OneOceanNZPromoting the stewardship of a healthy and productive ocean
OneOceanNZ is a McGuinness Institute project that aims to contribute to a wider discussion on how we might best practice ocean management by promoting the stewardship of a healthy and productive ocean. We will continue to look at public policy solutions around ocean governance, as it is an important long-term issue for New Zealand.
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Choosing books for a friend or an acquaintance is a real treat; it gives you an opportunity to think about that person's character, what they mean to you and what they might enjoy learning about. The Prime Minister's Summer Reading List is personal, but it is also...
For a full list of OneOceanNZ publications see the ‘Publications by date’ page and search OneOceanNZ or use the ‘Policy Project Type’ filter in the table.
8 March 2018: Conversations with SEA students
Students from the Sea Education Association (SEA) Semester programme joined us to discuss their New Zealand research projects.
As we continue to work on the OneOceanNZ project we are constantly finding new resources that contribute to this wide topic.
If you are aware of any interesting resources you would like to share, please get in touch.
Many of the resources on this list have kindly been suggested by Ann McCrone, Marine Advocate at the World Wildlife Fund New Zealand. ‘The State of our Marine Environment’ map was provided by Bronwen Golder, Director of Global Ocean Legacy the Pew Charitable Trusts.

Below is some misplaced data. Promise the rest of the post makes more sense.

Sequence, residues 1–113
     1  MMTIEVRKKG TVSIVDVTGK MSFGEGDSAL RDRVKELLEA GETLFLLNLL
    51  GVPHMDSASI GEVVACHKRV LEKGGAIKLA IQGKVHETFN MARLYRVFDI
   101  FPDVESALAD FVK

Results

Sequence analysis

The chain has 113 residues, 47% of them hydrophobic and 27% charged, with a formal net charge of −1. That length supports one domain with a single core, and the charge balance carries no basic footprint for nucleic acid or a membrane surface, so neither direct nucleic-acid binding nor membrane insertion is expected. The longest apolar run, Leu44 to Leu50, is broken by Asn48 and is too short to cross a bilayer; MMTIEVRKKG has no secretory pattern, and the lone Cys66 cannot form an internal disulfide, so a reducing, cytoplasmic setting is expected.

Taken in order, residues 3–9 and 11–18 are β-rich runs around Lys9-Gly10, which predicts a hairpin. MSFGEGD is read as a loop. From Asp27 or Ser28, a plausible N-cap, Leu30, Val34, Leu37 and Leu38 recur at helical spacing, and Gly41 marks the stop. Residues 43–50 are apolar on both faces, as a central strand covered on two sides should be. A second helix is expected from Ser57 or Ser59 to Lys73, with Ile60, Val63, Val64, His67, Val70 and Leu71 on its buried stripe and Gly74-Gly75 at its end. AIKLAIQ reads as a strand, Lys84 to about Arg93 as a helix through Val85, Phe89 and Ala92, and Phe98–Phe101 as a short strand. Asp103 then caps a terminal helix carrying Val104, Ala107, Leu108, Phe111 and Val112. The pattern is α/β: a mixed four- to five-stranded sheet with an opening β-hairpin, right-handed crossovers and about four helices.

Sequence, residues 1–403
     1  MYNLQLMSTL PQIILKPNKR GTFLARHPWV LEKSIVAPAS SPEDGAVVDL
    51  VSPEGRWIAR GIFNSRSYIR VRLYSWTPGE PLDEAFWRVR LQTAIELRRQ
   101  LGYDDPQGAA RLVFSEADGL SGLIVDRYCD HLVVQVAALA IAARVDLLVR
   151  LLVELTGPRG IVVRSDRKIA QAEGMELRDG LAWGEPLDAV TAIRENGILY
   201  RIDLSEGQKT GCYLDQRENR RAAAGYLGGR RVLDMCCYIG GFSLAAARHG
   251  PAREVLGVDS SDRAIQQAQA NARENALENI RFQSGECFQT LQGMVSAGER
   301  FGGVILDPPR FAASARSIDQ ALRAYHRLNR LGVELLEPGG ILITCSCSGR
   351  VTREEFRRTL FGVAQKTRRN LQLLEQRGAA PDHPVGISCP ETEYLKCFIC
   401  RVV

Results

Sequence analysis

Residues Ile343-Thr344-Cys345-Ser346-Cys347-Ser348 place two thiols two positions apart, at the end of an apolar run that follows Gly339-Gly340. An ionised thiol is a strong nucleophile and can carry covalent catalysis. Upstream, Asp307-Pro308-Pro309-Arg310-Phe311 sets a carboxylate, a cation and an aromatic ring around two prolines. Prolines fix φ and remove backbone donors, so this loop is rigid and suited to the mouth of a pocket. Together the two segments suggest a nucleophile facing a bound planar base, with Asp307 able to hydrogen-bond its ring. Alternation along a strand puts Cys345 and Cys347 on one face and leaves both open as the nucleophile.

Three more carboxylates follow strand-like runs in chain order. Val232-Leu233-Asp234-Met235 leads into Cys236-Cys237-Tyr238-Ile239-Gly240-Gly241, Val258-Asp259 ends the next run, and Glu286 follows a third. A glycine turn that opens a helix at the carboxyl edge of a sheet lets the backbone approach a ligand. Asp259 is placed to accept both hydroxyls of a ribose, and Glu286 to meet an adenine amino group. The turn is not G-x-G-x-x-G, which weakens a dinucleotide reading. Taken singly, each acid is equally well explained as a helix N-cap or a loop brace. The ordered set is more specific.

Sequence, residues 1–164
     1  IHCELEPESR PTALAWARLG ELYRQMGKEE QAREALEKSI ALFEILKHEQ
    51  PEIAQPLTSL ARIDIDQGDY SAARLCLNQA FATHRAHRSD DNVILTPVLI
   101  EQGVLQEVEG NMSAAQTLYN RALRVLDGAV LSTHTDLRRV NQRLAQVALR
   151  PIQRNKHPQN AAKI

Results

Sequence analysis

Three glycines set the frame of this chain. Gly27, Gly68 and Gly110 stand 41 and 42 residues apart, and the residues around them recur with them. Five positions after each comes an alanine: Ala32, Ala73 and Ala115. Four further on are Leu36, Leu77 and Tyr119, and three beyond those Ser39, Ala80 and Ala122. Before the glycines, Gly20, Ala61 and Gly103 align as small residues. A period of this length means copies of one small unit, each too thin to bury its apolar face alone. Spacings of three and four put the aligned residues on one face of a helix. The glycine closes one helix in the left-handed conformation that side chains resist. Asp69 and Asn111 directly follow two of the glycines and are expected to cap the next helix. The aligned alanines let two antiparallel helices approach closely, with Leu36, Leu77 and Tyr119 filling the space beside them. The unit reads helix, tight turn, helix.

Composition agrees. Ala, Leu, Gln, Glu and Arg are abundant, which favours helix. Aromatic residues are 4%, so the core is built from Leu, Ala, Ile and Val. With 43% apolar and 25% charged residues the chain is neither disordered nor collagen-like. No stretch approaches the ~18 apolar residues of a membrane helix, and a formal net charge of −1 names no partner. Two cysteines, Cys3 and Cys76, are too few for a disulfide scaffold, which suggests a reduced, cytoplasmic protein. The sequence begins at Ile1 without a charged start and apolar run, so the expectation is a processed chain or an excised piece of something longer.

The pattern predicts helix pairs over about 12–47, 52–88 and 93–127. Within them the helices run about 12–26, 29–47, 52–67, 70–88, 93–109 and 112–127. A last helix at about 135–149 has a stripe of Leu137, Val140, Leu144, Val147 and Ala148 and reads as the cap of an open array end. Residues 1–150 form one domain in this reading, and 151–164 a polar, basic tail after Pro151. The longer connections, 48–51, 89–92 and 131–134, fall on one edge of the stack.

- Protecting the marine environment in areas beyond national jurisdiction: A guide to the legal framework for conservation and management of biodiversity in marine areas beyond national jurisdiction (Cole, [et al.], 2012)
- Review of international approaches to integrated coastal management (ICM) (Corepoint, 2005)
- Policy options paper #1: A sustainable development goal for the global ocean (Global Ocean Commission, 2013)
- Spatial planning for the Gulf: An international review of marine spatial planning initiatives and application to the Hauraki Gulf (Hauraki Gulf Forum, 2011)
- Requirements for marine biodiversity conservation governance and management in a changing climate. Report 1 (Lockwood, [et al.], 2011)
- Ocean governance: The New Zealand dimension. A full report (McGinnis, 2012)
- Working toward a more valuable ocean: Concepts and ideas from thinkers and doers (Svensson, [et al.], 2014)
- The ocean community report: Building an aligned and supportive ocean conservation community (The Aspen Institute, 2013)
- International programme on the state of the ocean combined research papers (The International Programme on the State of the Ocean, 2013)
- Implementing the global state of the oceans report (The International Programme on the State of the Ocean, n.d.)
- Marine protected areas: A comparison of approaches (Thomas & Shears, 2013)
- Increasing the social power of scientific information used for decisions on marine protected areas in New Zealand (Wiley, 2011)
- Safeguarding our oceans: strengthening marine protection in New Zealand (Mulcahy, [et al.], 2012)
- Looking out to sea: New Zealand as a model for oceans governance (Peart, 2005)
- Castles in the sand: What’s happening to the New Zealand coast? (Peart, 2009)
- Marine policy: An introduction to governance and international law of the oceans (Zacharias, 2014)
- Integrated coastal zone management: The global vhallenge (Krishnamurthy, [et al.], 2008)
- Climate change and the coast: Building resilient communities (Glavovic, [et al.], 2014)
Ocean 2050: How to sustain our biggest ecosystem (BBC, 2014)